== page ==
Coaching expertise: It depends or an absolute

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Coaching in a blowout: Developing good habits

I refereed a junior varsity girls soccer game this afternoon, and it was clear from the beginning that one team was better than the other. The winning team played possession soccer and regularly strung 10+ passes together before a shot or turnover.  Read more

Negativity in sports among coaches and players

I referee a lot of soccer: Recreation, club, and high school. Nearly every week, if not every game, I am astonished at the behavior of the coach toward the players, and the players toward each other.

In many teams, it appears that there are pre-ordained scape goats. When something goes wrong, everyone yells at this player or these players, but when a different player makes a mistake, not much is said.  Read more

Whose game is it anyway?

This weekend, I refereed three under-9 boys soccer games (6v6) in a local tournament. At one point, there was confusion between the tournament rules and normal rules, so I stopped the game briefly to clarify with a tournament director. After roughly 10 minutes, the tournament director returned and changed the rules again. Read more

The Players-First Approach to Coaching

The old-school coaching style that I describe in The 21st Century Basketball Practice is a coach-driven approach to coaching. When I played, every coach use that style to some degree. Rarely if ever did a coach ask for our opinion. The coach decided, and we followed directions.  Read more

Appropriate time for feedback and criticism

During the State Cup, I was the assistant referee on an u13 boys game. The final was 12-1. The head coach of the losing team spent most of his time venting to an assistant coach directly behind me.  Read more

Matt Barnes and two styles of coaching

What is the job of a coach? At the professional level, an argument could be made that the coach’s job is to put the team into position to win. How does one accomplish that goal? There seem to be two approaches: One limits players in an attempt to reduce mistakes, whereas the other attempts to develop and expand players.  Read more

The cost of overcoaching

When I was younger and nobody took me seriously (before my books, PhD, and professional experience), I made two comments on a Yahoo! coach’s forum that generated plenty of derision from the other members. The first was that we should coach players as if we were preparing them to play pickup games on the playground. The second was that many coaches would have a more positive effect on their teams if they walked into practice, dropped a ball at center court, and left the building, allowing the players to organize themselves and scrimmage.  Read more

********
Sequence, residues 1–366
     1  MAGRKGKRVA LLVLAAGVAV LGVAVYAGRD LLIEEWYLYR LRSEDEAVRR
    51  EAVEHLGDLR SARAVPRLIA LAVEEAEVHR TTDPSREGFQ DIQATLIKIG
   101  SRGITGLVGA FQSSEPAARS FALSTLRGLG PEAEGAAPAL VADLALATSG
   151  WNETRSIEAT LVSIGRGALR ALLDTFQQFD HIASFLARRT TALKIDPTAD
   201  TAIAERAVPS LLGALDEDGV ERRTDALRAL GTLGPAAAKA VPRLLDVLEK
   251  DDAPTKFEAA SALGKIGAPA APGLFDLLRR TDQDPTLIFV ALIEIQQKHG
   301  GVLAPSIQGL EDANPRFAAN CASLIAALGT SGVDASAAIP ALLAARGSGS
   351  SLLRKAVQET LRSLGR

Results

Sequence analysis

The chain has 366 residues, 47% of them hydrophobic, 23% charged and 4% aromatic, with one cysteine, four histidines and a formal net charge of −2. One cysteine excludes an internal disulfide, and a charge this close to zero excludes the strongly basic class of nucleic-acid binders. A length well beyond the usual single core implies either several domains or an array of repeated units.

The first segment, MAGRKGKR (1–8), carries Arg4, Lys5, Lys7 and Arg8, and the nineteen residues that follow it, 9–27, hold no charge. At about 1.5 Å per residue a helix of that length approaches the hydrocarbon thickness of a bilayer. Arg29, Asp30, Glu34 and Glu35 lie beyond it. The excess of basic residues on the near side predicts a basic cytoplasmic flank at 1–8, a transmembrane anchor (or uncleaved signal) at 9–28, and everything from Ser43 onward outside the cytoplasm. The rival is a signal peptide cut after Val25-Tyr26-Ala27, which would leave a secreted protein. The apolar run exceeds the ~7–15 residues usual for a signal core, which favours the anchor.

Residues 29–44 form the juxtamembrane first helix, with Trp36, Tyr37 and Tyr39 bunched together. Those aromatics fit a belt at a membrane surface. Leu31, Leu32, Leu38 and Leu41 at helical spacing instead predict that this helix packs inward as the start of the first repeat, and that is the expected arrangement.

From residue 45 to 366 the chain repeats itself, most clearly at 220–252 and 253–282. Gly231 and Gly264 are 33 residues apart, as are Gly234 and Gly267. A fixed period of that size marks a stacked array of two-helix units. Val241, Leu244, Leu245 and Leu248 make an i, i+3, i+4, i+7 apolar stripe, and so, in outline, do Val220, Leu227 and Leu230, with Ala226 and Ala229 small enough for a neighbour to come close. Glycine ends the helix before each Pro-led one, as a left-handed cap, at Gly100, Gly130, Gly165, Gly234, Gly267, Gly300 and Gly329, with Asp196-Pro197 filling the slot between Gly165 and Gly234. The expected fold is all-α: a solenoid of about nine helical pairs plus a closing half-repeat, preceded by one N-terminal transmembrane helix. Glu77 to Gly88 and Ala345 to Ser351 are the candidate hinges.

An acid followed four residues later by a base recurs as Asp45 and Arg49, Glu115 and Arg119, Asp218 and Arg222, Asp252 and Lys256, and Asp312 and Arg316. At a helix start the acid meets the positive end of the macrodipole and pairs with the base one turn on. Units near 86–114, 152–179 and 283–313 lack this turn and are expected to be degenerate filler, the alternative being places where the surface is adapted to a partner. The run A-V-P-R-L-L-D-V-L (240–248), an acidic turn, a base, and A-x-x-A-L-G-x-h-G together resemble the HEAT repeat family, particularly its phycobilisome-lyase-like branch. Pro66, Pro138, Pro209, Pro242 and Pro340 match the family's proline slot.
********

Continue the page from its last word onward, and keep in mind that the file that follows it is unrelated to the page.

Treating players equally is unfair

In one of the many John Wooden books that I have read, Wooden wrote about his treatment of players. He said that to treat each player equally would be unfair because each player was different.  Read more

The effects of a coach’s reaction to mistakes

Last weekend, I refereed five u14 girls soccer games. In the opening game on Saturday morning, the host’s u14s played another local team. The hosts won 2-1, and all of the goals were flukes: a striker tried to dribble around the goalie, kicked it too hard, and scored; a fullback tried to clear the ball and it deflected off a striker and bounced over the goalie’s head; and a fullback and goalie ran into each other, leaving the ball at the striker’s feet.  Read more

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  • What Is A Playmaker?

    Who decided that a point guard has to be small? More importantly, what is a point guard? We expect a point guard to be a leader and have a high basketball I.Q. Why don’t we expect or challenge all players to develop this game awareness? Why rely on only one player? Read more →
  • The PBDL Concept

    English soccer academies wait until players are 11 to play full 11v11 soccer; in Italy, youth basketball players participate in skill-oriented clinics at 6-years-old, but start competitive games at 12. In the United States, kids play 5v5 full court games and compete for national championships when they are 8-years-old.

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  • Starting A PBDL

    The PBDL emphasizes learning and development. Presently, players and parents have numerous recreation options - leagues based on fun and equal participation, typically for beginners - and numerous competitive opportunities - teams focused on strategy, game preparation and winning. There are few true development leagues - until now.

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